|Nutritional Guidelines (per serving)|
|Servings: 1 cup (serves 10)|
|Amount per serving|
|% Daily Value*|
|Total Fat 1g||1%|
|Saturated Fat 0g||1%|
|Total Carbohydrate 12g||4%|
|Dietary Fiber 3g||11%|
|*The % Daily Value (DV) tells you how much a nutrient in a food serving contributes to a daily diet. 2,000 calories a day is used for general nutrition advice.|
This beef rib rub combines the flavor elements of sweet and heat. You can adjust the heat by using mild or medium chili powder. If you really want to spice it up, then add an extra tablespoon of cayenne. This is the perfect rub for great barbecue beef ribs. The rub can also be used in a marinade.
When smoking or slow-grilling beef ribs, choose back ribs (which have the bone) rather than short ribs (which are best cooked by a braising method). Back ribs are less expensive and they cook similarly to pork ribs.
As this rub contains sugar, it should only be used for smoking or slow grilling at a temperature below 265 F. Otherwise, the sugar can burn and ruin the taste.
- 1/4 cup/60 milliliters paprika
- 1/4 cup/60 milliliters chili powder (mild or medium)
- 1/4 cup/60 milliliters brown sugar
- 1/4 cup/60 milliliters ground black pepper
- 1 tablespoon/15 milliliters cayenne
- 1 tablespoon/15 milliliters garlic powder
- 1 tablespoon/15 milliliters salt
Mix all ingredients thoroughly.
Apply about 2 tablespoons (30 milliliters) of the rib rub to each side of the rack of ribs.
Prepare the smoker and add the ribs.
Store rub in an airtight container in a cool, dry place for up to six months.
Preparing Your Beef Ribs
Whether you are going to marinate your beef ribs or simply start them in the smoker with the rib rub, you will need to prepare the ribs. While you want to leave much of the fat intact, trim off any excess, especially any hanging pieces. You will also want to remove the tough membrane from the back of the rack of ribs. This membrane will keep the smoke and seasonings from infusing the ribs. It would also toughen even more during cooking, resulting in ribs that are very difficult to eat. Use a blunt knife (such as a butter knife) or even a clean screwdriver to gently lift the membrane from the bone at one corner. Then use a paper towel to get a good grip and peel the membrane off.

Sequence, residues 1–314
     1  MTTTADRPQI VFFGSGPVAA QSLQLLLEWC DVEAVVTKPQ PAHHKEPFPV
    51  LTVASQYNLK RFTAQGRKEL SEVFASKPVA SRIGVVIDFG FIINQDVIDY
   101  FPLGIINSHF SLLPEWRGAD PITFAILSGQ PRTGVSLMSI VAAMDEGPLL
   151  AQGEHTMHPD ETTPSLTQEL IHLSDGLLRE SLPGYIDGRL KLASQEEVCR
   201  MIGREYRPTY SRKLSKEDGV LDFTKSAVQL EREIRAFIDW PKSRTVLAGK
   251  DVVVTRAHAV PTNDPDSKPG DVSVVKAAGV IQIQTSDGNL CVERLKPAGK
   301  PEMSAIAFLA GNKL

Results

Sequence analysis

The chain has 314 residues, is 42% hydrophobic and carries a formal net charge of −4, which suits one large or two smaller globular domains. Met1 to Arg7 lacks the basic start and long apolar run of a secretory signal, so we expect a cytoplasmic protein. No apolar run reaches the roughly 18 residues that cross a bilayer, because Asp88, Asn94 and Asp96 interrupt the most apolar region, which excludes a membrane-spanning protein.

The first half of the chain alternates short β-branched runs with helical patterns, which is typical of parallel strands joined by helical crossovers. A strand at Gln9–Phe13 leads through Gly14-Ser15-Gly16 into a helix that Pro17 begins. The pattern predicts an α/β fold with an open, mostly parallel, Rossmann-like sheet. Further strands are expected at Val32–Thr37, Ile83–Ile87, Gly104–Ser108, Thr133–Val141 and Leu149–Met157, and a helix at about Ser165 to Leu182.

Using Beef Rib Rub in a Marinade
Whether you use a marinade for beef ribs is a matter of choice. Many cooks simply use a rub and skip the marinating step. But if you use a marinade, it's best to use one that matches your rib rub. Obviously, a great way to do that is to season the marinade with the rib rub.
To use rub in a marinade, simply combine 1/4 cup (60 milliliters) of the rib rub mixture with 1/4 cup oil, 1/4 cup acid of some kind(such as lime juice, lemon juice, or cider vinegar), plus 2 tablespoons water. Mix thoroughly until well dissolved. Pour over ribs, cover with plastic wrap, and marinate in the refrigerator for 6 to 12 hours.
Discard any leftover marinade that has been in contact with the raw meat as it will be contaminated with bacteria.